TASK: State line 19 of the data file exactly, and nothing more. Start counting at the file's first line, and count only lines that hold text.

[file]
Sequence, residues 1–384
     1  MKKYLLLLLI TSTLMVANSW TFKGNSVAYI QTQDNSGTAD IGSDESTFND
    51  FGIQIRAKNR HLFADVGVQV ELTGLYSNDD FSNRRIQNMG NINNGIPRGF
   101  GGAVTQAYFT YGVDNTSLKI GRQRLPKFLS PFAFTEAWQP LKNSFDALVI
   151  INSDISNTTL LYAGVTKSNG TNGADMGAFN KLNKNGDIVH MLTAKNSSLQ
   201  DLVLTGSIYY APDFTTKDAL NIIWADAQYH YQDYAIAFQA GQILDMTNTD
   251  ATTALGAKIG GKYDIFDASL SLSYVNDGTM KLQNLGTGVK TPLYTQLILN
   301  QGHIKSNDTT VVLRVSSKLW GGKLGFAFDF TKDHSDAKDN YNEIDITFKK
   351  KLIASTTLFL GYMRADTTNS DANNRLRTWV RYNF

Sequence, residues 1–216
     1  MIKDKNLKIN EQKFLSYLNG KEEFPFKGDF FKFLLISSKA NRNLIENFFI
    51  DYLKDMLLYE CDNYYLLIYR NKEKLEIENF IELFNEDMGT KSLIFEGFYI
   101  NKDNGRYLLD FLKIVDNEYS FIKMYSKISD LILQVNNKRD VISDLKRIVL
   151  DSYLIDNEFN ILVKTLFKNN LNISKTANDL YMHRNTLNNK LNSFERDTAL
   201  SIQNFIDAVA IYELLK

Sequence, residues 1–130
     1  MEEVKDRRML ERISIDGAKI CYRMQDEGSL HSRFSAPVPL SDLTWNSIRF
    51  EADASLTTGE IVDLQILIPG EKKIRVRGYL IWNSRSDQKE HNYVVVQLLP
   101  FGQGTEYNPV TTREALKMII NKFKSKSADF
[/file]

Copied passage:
   101  FGQGTEYNPV TTREALKMII NKFKSKSADF